Where in the world are you?

I texted a dear friend recently to say hello, and her response was, “where in the world are you?!” That was the moment I realized that maybe I’ve ‘gone of the radar’ a bit too far, and inadvertently left a significant number of significant people without even a paper trail. It’s time for a little blog promo, and hence I’ve ‘shared’ this with many of you for the first time. Welcome! Sorry about the delay.

For the next 20-odd weeks I am the casting intern at the Goodman Theatre, located in the heart of downtown Chicago. I’m living in a lovely, quiet neighborhood with one of my lovely friends I met this summer @ Red Barn. Our abode–now featuring newly painted walls!–awaits your visit.

Oh, Chicago! Here I am! It’s funny how one moment I feel like, ‘hey! I can do this!’ I successfully navigate to work, I have a great conversation with a stranger, or find a classy new (cheap) restaurant or a beautiful route to go running on (for free). And then, the next moment, my roommate’s purse is stolen, or I’m scrambling to find my stupid pass amidst the 5:30 shoulder-to-sweaty-shoulder cattle line on the train, or there’s a power outage on my block and I’m stuck in the dark–and I’m tired and overwhelmed, and lazily think, ‘there are so many other places I could be that would be so much easier than this.’ And yet, I know that, with a little bit of time, I’ll settle into a rhythm and feel a little less jerked around.

Or, another strategy: remind myself that at least here, I can speak English.

My cousin Kelsey recently posted a blog about her first days in Chad, Africa. Her experiences sound amazing–but extremely challenging. I was reminded of this earlier today when I had a mini heart attack thanks to one overly-friendly bug traversing across the shower curtain. (Once I started breathing again) I was reminded of one of Kelsey’s story of over a dozen dead cockroaches fumed to death in her bathroom after her first night in Chad.


And also, blogs are kind of cool, aren’t they though? Bug stories being webbed together by people thousands of miles away, doing very different things in very different places…

And speaking of places, now that I’m here and working, I can’t quite imagine doing my internship any place else. As many of you know, that’s a rather remarkable statement, considering only a few weeks ago I was still applying in an array of places scattered across the U.S., in all sorts of areas of theatre, unsure of what the next step would be. I’m sure that feeling has a lot to do with my day-to-day work.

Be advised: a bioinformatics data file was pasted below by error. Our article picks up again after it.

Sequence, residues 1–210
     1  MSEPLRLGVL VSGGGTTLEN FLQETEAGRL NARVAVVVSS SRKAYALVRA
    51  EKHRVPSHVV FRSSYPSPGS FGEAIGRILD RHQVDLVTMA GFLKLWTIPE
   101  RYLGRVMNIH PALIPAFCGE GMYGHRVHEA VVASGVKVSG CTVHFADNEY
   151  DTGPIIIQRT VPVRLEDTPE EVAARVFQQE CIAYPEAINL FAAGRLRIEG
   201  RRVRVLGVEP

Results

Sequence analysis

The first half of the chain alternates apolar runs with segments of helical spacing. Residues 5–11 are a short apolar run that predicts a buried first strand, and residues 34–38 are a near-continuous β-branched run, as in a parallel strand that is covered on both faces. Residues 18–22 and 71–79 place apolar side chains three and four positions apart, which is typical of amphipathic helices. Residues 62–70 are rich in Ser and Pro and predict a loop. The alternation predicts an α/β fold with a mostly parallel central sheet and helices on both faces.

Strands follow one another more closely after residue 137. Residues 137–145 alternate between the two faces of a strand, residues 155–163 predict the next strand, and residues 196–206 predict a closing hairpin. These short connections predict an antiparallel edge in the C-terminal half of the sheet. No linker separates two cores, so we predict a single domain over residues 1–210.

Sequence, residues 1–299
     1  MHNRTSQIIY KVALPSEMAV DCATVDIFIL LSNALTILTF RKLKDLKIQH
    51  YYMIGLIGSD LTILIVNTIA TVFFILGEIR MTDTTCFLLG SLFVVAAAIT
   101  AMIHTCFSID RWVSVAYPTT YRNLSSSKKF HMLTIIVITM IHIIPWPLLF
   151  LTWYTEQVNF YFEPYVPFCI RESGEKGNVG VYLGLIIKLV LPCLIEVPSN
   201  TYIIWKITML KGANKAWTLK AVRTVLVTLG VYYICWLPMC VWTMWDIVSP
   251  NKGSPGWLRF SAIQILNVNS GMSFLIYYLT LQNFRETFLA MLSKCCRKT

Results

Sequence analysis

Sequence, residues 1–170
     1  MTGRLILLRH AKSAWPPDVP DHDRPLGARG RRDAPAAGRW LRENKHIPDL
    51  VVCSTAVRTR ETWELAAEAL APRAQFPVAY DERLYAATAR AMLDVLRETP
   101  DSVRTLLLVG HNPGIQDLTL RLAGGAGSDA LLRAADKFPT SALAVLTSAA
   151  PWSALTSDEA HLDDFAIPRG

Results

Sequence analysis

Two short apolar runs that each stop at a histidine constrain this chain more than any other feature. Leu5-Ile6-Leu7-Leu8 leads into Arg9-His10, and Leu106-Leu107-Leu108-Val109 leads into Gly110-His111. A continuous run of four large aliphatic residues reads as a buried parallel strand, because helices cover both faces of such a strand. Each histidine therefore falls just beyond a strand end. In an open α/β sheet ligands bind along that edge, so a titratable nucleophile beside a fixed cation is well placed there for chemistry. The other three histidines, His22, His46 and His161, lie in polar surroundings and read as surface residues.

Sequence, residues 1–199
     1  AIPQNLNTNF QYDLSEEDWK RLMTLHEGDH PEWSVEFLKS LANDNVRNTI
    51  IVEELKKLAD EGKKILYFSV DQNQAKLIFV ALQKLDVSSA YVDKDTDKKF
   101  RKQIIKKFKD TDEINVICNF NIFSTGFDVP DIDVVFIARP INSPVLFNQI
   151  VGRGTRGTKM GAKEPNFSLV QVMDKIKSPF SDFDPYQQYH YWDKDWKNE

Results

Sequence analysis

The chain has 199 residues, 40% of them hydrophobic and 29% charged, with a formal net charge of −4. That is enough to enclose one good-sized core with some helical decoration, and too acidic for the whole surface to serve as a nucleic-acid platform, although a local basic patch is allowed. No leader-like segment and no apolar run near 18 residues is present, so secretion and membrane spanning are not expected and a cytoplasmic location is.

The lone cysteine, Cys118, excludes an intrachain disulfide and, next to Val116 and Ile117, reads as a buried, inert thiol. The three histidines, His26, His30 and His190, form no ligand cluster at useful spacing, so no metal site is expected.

Which leads me to the practical bit of this post. What am I actually doing? At this point, I’d narrow it down over-simply to…

1.) Dealing with people, people, people.

I spend pretty much every minute of my day interacting with people–whether via email, phone, or in person. I’m constantly communicating. Constantly! I’m learning how to set up auditions, how to contact agents and actors, how to keep a session rolling or book readers or help actors feel comfortable or confirm roles or send rejection letters. I’m learning the feeling of an inbox that is always full and too many names to ever keep straight. I’m learning that small talk is truly an art.

2.) Finding art in administration.

This is definitely a blog-post-in-the-making, but I’m starting to think that casting is this precarious blend of administrative work (databases, phone calls, schedules, meetings) and art (crafting a cast, creating an environment, being a part of the artistic process of a production). When I’m given a task at work, it tends to fall in one category or the other–or a unique blend of the two. Right now, I spend a lot of time trying to decipher what’s what and how it fits in those divisions. What is office work that just needs to get done and where–even within that–is there room for artistry? How obscure or direct can that artistry be without becoming unprofessional or intrusive? Where and how do business and art collide, and how can that collision be softened (or should it be?)?

3.) Staying close to the stage.

Being a casting intern means attending a lot of auditions and the meetings afterward. As someone who was involved extensively in acting throughout undergrad, the change in perspective feels like the ultimate learning opportunity. You learn a lot from watching people. You learn even more from watching people, and then hearing other people’s reactions from watching people. Sometimes the lessons learned are new and exciting, but usually it’s the stuff you sorta-kinda knew (and should remember!). Like how scary casting people aren’t really that scary, how more than anything, they want to see you succeed. Or–sometimes, you can do everything right, and you won’t get the role. Just because. For whatever reason–a reason that maybe can’t be clearly articulated. You did great, and the director knows you did great (and says it when you’re not in the room), but for this part, right now, it just wasn’t quite ‘right’.

I have a lot of questions about this industry that I’m in. But as an intern, what a wonderful thing to have! Throughout training these past two weeks, I’ve constantly been reminded to ask. And so, as August concludes and I begin a new season in very new post-college territory, I’m doing my best to absorb, to take in as much as I can, gather my thoughts, and keep in mind that, here, I can at least ask my questions in English.

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